To be sure, educational inequality does exist. Children's academic performance will be affected by their family of origin's status, such as household income and educational background, over which children have no control. Children from higher-income households can have more chances to receive additional education such as cram school/extracurricular lessons and put in longer study hours, which result in differences in academic performance. In this survey, we observed this phenomenon as a statistically significant trend based on the mean data of each survey category, including household income and educational background.
When looking at sociological data analysis only, it may be illusorily mistaken that environmental factors alone are the sole cause of these disparities. To avoid this illusion, it is essential to understand the effect of genetic factors through the twin method, a behavioral genetics approach to discover their attributes. By adopting this method, we can ascertain the contribution rate of each factor category (i.e., genetic factors, shared environment, and non-shared environment) that causes individual differences in academic performance and learning environments. As a result, we can come up with a completely different story from the one obtained from sociological data analysis.
With the conventional method to examine socioeconomic disparities based on mean values, there have been significant deviations from the mean values. A quantitative analysis on the contribution rates of such differences was conducted, using correlation coefficients and the twin method. As a result, it was found that the percentages of contribution to academic performance and learning environments are typically less than 3%, and up to around 6%. In other words, deviations within each socioeconomic level are considerably greater than deviations between the socioeconomic levels. For people from low-income households, this trend is good news, suggesting that they do not need to care too much about their family of origin in socioeconomic environments. In contrast, people from higher-income households will recognize that they should not let their guard down by over-relying on their social status.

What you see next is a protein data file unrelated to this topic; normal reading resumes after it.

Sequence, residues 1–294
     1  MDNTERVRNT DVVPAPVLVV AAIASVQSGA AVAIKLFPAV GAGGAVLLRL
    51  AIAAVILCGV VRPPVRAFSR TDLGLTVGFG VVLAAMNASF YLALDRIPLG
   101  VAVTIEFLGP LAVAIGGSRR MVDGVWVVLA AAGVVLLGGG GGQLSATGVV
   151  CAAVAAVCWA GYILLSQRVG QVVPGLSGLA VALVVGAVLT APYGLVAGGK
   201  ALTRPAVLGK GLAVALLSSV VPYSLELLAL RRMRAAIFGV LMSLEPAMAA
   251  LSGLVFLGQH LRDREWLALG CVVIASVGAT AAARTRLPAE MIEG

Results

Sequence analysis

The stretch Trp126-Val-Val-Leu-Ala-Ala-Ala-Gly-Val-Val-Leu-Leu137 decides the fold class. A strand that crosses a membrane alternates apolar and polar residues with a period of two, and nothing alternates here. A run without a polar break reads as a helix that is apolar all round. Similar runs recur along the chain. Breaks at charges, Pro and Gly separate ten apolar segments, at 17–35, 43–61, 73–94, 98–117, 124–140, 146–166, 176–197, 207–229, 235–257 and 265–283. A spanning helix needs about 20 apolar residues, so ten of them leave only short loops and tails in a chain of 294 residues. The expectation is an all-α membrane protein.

However, negative findings are also revealed when considering genetic factors (which cause individual differences) in the analysis. In fact, about 60-70% of individual differences in academic performance are considered to be caused by genetic factors, instead of family environments (i.e., shared-environment). In other words, it is highly likely that the linkage of household income/educational background and children's academic performance is not influenced by environmental factors, but by genetic factors passed on from parents to children. However large the genetic influence, it is not totally hereditary, thus there is still a possibility to improve children's academic performance by environmental factors. This possibility, however, comes from the non-shared environment specific to each child, even for identical twins brought up in the same family. About 30-40% of individual differences are affected by a non-shared environment. Therefore, it is necessary to understand the effect of a non-shared environment on a child-by-child basis to determine whether such an impact will enhance or impede the child's academic performance.